This year I took some photos of the apple tree in my garden as it blossomed. It begins a deep pink colour but opens to pale pink and then mainly white. This is the only plant that was in the garden when we bought this house. I’ve since planted another apple tree but it is a later variety.
We had some hail today, our weather has gone really crazy, but it shouldn’t affect the apples as they haven’t budded yet, so my fingers are crossed as we didn’t get any apples last year because of a late frost.
It was so hot last week when I took the last photo, and until then I hadn’t realised that apple blossom actually had a scent, the heat really brought it out and I’m surprised that no perfumiers have tried to capture it as it’s really lovely, or maybe they have tried, I’m not a great one for perfume in fact I think a lot of them smell really horrible and a whiff of some of them leave me with a three day migraine. I hold my breath when going through the perfume department of any department store – remember those places? They were becoming an endangered species in recent times and I think that Covid-19 might do most of them in completely, but I suppose that’s the least of our worries at the moment. The delicate looking blossom survives though.
Who doesn’t love cherry blossom? I wait for it to signal that spring has really sprung and summer isn’t so far away, but so often the blossom lasts only a week or so and then the wind blows it all off and the ground is strewn with confetti petals. But the tree below is one that I pass every morning on my daily walk for the Guardian and it has held its blossom for about three weeks. It’s a sort of Goldilocks size, not too big and not too small, just perfect although, if you look at the photo you will see a baby version of it has appeared just to the right, possibly from a root sucker. The main tree is probably about 15 feet high and is obviously quite old.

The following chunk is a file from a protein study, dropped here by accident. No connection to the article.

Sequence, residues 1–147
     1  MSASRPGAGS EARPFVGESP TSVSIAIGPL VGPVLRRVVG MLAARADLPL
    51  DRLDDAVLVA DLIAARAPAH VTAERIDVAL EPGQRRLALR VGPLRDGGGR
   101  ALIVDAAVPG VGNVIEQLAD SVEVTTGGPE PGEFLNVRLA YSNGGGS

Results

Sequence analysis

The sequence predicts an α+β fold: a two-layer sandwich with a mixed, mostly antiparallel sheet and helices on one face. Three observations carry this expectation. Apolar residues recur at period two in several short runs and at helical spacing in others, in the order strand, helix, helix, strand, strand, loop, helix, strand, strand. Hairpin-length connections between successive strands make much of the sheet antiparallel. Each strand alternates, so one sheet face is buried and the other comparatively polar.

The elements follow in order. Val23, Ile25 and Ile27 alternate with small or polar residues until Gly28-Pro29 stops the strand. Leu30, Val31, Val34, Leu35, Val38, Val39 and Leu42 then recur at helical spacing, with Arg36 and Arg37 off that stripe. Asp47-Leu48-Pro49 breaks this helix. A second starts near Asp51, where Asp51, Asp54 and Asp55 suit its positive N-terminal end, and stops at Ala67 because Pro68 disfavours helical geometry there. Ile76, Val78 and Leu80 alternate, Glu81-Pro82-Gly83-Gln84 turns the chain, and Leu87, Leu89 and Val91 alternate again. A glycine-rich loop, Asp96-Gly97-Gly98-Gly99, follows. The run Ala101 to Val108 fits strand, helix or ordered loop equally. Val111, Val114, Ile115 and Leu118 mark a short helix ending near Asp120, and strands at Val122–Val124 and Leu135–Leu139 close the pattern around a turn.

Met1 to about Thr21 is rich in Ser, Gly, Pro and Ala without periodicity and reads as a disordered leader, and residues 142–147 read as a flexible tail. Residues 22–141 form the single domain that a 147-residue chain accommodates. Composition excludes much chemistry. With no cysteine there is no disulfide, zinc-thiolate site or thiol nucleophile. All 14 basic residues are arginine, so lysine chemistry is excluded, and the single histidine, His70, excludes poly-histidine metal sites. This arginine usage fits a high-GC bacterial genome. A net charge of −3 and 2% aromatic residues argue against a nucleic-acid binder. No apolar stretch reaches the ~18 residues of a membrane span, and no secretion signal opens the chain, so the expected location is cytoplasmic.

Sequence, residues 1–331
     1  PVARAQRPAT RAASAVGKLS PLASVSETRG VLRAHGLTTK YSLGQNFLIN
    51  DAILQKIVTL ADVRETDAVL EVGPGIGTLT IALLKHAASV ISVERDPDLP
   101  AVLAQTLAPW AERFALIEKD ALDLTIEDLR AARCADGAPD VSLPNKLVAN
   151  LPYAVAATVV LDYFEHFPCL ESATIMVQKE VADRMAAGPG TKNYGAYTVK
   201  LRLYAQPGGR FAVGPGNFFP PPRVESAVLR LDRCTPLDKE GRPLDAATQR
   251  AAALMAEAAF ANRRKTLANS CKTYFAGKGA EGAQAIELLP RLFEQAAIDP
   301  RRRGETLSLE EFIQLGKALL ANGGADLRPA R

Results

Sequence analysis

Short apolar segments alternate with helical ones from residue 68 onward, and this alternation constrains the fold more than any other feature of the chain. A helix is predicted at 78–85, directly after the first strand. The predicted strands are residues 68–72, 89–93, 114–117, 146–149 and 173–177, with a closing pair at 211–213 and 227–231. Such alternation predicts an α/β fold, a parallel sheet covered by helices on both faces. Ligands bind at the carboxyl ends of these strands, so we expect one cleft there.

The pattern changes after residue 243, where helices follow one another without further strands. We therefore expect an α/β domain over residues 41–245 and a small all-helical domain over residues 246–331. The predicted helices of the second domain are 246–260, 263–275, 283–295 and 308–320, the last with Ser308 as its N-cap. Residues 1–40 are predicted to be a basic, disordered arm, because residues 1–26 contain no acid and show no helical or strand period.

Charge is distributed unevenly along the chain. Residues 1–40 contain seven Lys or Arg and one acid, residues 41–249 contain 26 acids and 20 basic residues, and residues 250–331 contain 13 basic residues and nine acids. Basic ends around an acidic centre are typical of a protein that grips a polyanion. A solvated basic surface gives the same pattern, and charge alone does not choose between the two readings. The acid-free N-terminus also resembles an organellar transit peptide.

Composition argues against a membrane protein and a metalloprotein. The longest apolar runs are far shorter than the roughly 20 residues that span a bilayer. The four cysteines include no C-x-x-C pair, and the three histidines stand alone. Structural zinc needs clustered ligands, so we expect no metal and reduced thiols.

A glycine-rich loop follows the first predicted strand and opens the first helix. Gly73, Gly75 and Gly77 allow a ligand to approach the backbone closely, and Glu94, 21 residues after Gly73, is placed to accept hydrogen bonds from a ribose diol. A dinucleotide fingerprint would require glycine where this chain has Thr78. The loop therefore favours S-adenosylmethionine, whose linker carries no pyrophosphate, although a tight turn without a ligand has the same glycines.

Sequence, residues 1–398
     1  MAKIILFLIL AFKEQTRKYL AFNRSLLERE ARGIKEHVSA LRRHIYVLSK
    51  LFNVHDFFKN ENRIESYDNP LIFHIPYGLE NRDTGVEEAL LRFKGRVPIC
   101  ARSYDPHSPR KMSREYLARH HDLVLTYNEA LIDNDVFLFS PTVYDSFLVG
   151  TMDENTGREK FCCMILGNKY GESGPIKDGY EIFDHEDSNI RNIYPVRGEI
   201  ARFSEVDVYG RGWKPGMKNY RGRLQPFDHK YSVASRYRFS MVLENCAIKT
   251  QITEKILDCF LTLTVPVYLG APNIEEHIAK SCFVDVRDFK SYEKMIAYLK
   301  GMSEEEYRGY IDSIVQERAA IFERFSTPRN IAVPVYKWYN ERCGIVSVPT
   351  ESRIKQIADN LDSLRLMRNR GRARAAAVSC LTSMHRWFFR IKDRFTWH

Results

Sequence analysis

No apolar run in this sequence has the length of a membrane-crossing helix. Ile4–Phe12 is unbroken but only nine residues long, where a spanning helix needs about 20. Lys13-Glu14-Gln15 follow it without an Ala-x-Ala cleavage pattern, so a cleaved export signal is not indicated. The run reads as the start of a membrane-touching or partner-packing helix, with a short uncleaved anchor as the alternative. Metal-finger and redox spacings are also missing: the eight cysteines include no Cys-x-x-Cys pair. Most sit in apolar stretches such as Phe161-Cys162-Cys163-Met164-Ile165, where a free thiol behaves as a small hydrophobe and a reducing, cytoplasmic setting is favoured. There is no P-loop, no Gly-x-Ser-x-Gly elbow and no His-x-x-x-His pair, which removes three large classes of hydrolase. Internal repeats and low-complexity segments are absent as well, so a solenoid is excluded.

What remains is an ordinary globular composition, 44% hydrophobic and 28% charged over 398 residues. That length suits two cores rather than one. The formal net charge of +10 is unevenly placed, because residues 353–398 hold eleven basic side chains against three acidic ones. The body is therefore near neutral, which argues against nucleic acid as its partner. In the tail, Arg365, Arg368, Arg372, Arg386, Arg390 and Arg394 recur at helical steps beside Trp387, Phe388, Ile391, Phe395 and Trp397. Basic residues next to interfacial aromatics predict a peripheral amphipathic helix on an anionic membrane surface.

I crossed the road to take a photo pointing my camera up at its canopy. It’s a beautiful soft shade of white, even more lovely than the pink variety I think.
Two weeks later I took the photo below and as you can see the leaves are beginning to take over from the blossom which doesn’t look quite so white now. This is the sort of cherry tree that I should have planted in my own garden, instead of the monster that I inadvertently planted, sadly I don’t know what variety this one is – not that I have any space for more trees now anyway!